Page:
Utility Supply Chain Operating Model


Certain specific elements of the operating model will have the greatest impact in helping the SCM organization achieve its new objectives. Take processes, for example: A few years ago, utilities focused mainly on improving the efficiency of their tactical and procure-to-pay (P2P) processes (see Exhibit 6). This approach made sense during a time when there were minimal major projects, fairly constant O&M, and a stable supply base. Given the new agenda, however, utilities need to refocus on their strategic SCM processes. This includes working with the business units and planning to translate the capital plan and transmission and distribution (T&D) system plan into future materials and services requirements so that there is a clear view of future demand segmented into the major categories of spending. From there, utilities need to develop thorough category strategies for key spending areas (e.g., engineering and construction).


Utility Supply Chain Processes


These thorough spending category strategies need to go well beyond basic cost modeling and supply market surveys. Utilities’ cost understanding needs to extend into their suppliers’ cost structures so they can get a better understanding of the nature and magnitude of total potential cost and supply risks. For example, even for simple products like distribution transformers, more than 60 percent of the costs are commodity inputs to the manufacturer (Exhibit 7). With the run-up in major projects and cross-sector impacts, these inputs are likely to continue to generate cost challenges and supply concerns. This simple example gets compounded quickly in major capital projects, with multiple materials commodities and labor categories, each with their respective cost pressures and supply constraints.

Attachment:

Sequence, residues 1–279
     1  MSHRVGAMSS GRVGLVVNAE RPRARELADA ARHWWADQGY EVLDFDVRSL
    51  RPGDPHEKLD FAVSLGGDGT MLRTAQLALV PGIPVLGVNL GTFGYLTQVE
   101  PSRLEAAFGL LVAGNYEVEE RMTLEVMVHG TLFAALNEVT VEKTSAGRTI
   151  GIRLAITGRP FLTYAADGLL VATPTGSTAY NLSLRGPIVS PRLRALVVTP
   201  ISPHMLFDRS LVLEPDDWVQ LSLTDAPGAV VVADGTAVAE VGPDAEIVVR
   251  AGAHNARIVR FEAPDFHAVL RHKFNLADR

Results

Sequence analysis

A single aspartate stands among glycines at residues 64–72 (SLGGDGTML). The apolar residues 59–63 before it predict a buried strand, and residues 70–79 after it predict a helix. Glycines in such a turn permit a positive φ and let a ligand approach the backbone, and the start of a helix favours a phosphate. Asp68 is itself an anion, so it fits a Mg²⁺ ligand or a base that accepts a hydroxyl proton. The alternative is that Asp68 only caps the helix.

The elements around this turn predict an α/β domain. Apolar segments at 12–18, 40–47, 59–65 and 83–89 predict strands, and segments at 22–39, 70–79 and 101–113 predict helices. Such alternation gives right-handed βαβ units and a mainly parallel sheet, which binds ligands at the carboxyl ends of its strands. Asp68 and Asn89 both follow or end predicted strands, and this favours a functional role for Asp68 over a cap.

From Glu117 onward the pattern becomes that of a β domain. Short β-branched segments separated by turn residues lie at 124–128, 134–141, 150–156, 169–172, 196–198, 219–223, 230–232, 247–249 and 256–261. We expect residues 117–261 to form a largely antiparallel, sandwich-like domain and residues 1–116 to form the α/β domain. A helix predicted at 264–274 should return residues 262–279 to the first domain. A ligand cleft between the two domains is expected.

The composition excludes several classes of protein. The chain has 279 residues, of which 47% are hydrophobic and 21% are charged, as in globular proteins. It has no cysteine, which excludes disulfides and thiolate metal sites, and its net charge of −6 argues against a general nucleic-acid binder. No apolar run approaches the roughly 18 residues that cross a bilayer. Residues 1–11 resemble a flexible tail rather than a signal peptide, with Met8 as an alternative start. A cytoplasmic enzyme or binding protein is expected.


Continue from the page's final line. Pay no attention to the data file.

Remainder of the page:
Supplier Cost Structure—Single Phase Distribution Transformer


In addition to refocusing on processes, utilities may need to enhance their approach to managing the organization to implement the new agenda. For example, with the resurgence of major projects and the need to manage EPC firms, many SCM organizations need to hire or rotate in people with hands-on experience in engineering and major projects, and may even need to set up a small, separate organization within SCM to tackle major projects. The analytical skills of risk assessment are another area commonly requiring enhancement.

Selected technology upgrades may also be necessary to provide the right data and tools to support the revisions to processes and new skill sets.

Finally, SCM performance metrics should be readdressed to ensure they cover key elements of the new agenda. For example, utilities may want to measure the percentage of projected materials and services covered by contracts, as well as dollars of future spending with contingency plans.


Developing the Road Map

Retooling the SCM operating model for the new agenda will likely require multiple changes that cannot be done overnight. Utilities need to develop an overall road map to guide the transition based on the business priorities, logical sequencing, and ability to enhance capabilities quickly. In parallel, the SCM organization needs to reallocate or supplement resources to fast-track critical spending categories, such as impending environmental projects, that cannot wait for all the changes to be made (Exhibit 8).


Utility Supply Chain—Roadmap for the New Agenda


If they haven’t done so already, utilities must change the mission of the supply chain function from the old agenda of cost and efficiency to the new agenda of cost Companycontainment, supply assurance, and risk management. Utility executives need to understand the potential value of such a shift and provide the support needed to make these fundamental changes.